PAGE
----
She can't wait while someone runs to the office, locates the secretary to unlock the nurse's office, finds the inhaler, then takes it back out to the field. Crazy!

Our state has an AWFUL student/nurse ratio. Our nurses have between 5-9 schools that they supervise. Yep, not kidding. School Nurse is at the high school Mondays from 8:30 -11:30. I sarcastically tell daughter Kitty that if she is going to have an asthma attack, make sure she has it during that 3 hour block of time. She rolls her eyes and says, "Yeah, right mom. I'll make sure that happens."

My kids have always been on their own if they have an asthma attack at school. They carry their own inhalers and they are not afraid to use them!

Check with your school and see what the school asthma inhaler (and EpiPen) policy is.

Seconds count when you have an asthma attack and kids need to have their inhaler in their backpack....just in case.


Tuesday, September 13, 2016

9-11 survivors develop asthma

We attended a local 9-11 anniversary memorial, and I happened to hear a REALLY FABULOUS bagpiper perform. I can't seem to listen to Amazing Grace on bagpipes without shedding a few tears - must be allergies, right?!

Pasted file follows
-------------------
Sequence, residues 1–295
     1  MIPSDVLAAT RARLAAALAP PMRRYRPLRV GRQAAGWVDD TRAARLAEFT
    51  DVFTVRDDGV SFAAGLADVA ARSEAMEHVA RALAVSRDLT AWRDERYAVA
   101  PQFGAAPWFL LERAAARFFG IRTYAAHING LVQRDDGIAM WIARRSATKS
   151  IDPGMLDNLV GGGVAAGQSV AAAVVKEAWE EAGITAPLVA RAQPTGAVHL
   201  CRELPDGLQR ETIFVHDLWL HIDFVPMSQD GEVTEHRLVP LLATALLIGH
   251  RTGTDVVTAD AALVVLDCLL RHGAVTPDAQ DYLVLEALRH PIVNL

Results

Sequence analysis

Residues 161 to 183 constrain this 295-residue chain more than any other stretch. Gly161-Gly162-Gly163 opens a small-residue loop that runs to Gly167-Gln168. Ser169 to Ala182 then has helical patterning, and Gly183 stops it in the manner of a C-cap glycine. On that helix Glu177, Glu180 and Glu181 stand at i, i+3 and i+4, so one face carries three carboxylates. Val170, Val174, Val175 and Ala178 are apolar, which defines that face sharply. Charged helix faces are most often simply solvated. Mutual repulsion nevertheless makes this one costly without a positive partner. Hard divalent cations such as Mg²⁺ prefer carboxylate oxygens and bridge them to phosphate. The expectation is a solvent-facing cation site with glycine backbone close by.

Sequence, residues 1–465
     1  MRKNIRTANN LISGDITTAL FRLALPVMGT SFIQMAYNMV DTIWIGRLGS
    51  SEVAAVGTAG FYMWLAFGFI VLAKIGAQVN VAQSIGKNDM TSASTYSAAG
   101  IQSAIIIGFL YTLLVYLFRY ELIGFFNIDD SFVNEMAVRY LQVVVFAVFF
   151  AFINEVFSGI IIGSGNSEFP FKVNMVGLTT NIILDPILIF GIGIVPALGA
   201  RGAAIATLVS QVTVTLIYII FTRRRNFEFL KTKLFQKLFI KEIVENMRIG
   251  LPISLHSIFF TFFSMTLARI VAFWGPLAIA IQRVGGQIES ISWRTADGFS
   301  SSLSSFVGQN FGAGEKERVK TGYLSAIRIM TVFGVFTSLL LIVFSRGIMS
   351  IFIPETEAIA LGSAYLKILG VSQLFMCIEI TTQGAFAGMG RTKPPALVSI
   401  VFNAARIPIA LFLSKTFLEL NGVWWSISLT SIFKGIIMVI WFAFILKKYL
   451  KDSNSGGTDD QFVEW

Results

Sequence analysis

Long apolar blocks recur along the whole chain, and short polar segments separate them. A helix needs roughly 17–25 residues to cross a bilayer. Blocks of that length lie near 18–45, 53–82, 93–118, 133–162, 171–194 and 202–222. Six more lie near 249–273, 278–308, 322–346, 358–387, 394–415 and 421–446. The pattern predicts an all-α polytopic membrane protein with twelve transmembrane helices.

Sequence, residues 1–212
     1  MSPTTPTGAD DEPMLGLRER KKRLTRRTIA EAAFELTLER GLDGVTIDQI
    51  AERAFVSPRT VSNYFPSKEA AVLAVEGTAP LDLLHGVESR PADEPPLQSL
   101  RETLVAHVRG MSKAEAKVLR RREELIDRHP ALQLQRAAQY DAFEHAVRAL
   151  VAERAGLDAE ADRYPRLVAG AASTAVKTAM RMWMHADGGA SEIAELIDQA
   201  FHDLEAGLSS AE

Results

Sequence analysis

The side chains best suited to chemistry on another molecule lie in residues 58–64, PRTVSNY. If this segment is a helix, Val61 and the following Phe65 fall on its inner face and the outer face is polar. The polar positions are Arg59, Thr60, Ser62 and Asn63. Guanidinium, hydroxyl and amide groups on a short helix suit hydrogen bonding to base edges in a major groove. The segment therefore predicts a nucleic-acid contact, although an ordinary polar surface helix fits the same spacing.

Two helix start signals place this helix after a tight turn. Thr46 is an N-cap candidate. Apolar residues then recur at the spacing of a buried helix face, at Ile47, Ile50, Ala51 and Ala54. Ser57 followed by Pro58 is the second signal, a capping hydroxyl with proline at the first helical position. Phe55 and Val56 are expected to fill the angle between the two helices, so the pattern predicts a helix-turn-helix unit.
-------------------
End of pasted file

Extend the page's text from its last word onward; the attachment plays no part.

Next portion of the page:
It was the 15th anniversary and most of the news programs talked about stories of those who had passed away. Stories about dads who had kissed their kids goodbye - not knowing that the kids would never see their dad again. There were stories about others who had died - moms, brothers, sisters, aunts, uncles, and friends. All who died too young.

And then there were stories about first responders that helped that day and were later diagnosed with asthma. Hubby looked at me after watching the news story and said, "You should blog about that." Great minds think alike.

It doesn't surprise me that people that helped in New York City developed asthma. There was such a think layer of dust. How could it NOT damage someone's lungs?

A clip from the story says:

"It is thought that exposure to this dust through the lungs and skin has contributed to the asthma, gastrointestinal problems, and possibly the increased cancer risk experienced by rescue workers, especially those who were on the site immediately after the attack, when the cloud of debris dust was its thickest."

Another story from ABC News, "9/11 First Responders Battle Toxic Exposures 15 Years Later", says:

“They have chronic … asthma, chronic sinusitis, sometimes quite severe, sometimes interstitial lung disease [where the tissue can be scarred],” she said. “[Post-traumatic stress disorder] itself can be chronic disorder.”